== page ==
Air India resumes flights to Kabul, SpiceJet to stay away


But pilots want Air India to immediately stop flights to Kabul after the missile attack on Malaysian Airlines flight MH17 added a new dimension.

India’s communication link with Kabul resumed on Saturday after being suspended for two days following the July 17, 2014 attack on Kabul airport.

“We are operating the flight today and we will be operating it normally,” said Air India officials even as some of its pilots in Mumbai opposed “political pressure” to resumption of flights without fail-safe measures.

Indian civil aviation authorities maintained there was no such pressure and have passed on the onus of resumption of flights to Kabul to the two airlines of which SpiceJet has publicly announced suspension of operations. Public carrier Air India did not fly to Kabul on Thursday, the day gunmen attacked the airport with rocket propelled grenades and automatic gunfire, and the next day.

They also said Afghan authorities had assured them about enhanced security measures at Kabul airport that include surveillance on all high rise buildings overlooking the airport, increased patrolling and more mock exercises.

Afghan sources in New Delhi maintained that the airport was safe and this had been conveyed to the Indian authorities. “Now it is up to them,” said an Embassy official.

Civilian flights are the mainstay of India’s links with Kabul especially because Pakistan denies direct access to Afghanistan. The other route into Afghanistan via Iran is still in the making. Flights from India to Kabul, besides bringing businessmen and reconstruction officials, are also a vote of confidence in the Afghan government which is battling the Taliban.

But pilots, both serving and retired, unanimously want Air India to immediately stop flights to Kabul after the missile attack on a Malaysian Airlines flight added a new dimension.

“We hear there is political pressure or compulsion to operate flights (to Kabul) which is wrong. DGCA should immediately ban all flights to Kabul which has come under repeated rocket attacks. Air India cannot put the lives of passengers and crew at risk,” Captain (retd.) R.S. Rosha, former director in-flight service and operations, Indian Airlines.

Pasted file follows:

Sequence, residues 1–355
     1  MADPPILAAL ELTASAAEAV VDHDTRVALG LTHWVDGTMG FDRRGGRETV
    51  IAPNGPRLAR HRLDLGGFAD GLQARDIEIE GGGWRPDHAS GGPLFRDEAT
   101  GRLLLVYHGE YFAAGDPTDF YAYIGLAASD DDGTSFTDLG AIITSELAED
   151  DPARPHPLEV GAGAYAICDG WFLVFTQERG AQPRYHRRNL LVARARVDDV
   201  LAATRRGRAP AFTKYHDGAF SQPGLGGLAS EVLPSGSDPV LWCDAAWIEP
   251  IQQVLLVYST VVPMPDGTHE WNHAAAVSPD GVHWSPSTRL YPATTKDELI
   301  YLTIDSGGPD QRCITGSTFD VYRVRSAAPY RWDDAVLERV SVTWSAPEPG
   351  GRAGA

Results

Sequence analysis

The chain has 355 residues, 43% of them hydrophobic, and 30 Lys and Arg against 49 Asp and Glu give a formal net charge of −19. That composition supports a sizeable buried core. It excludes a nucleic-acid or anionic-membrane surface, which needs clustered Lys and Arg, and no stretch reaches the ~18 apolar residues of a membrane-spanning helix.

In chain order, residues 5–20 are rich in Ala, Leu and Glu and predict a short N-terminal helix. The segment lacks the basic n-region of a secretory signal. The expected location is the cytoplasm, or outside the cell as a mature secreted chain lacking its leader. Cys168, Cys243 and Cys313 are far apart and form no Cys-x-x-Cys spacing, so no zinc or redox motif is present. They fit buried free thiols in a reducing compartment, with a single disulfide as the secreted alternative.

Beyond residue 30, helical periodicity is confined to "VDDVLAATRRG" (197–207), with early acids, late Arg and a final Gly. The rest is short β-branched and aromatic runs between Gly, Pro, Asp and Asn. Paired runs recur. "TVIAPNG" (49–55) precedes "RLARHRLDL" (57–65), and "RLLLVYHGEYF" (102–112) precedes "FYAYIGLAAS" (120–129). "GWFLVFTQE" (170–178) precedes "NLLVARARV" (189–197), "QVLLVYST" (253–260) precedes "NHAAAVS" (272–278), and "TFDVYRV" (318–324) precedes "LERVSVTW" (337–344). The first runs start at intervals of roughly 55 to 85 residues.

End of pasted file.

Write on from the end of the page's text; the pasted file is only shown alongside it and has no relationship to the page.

“What are we going to prove? There should not be any compromise on safety. All flights must stop. Those very keen to go there must take to the road,” said a serving pilot asking not to be named.

“If the government insists, then the pilots must refuse to operate flights. The matter ends there. I think pilot unions should issue directives to members not to fly into conflict zones,” said Capt. (retd.) Girish Kaushik, a veteran pilot who had once led a week-long strike at Jet Airways.

Government sources were unsympathetic with the approach. “Emirates and Turkish Airlines were operating flights to Kabul. Don’t tell me they are not bothered about security,” they said while regretting that SpiceJet had been hasty in announcing suspension of operations to Kabul. Earlier too when there was an attack on Kabul airport, they made it out as if their plane alone was the target when there were several more planes on the tarmac, they said.

Government sources also allayed fears about a Ukraine-type attack taking place in Afghanistan. The Taliban is not known to have the equipment to hit planes at 30,000 feet, they said.

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Printable version | Jan 27, 2020 8:24:17 PM |

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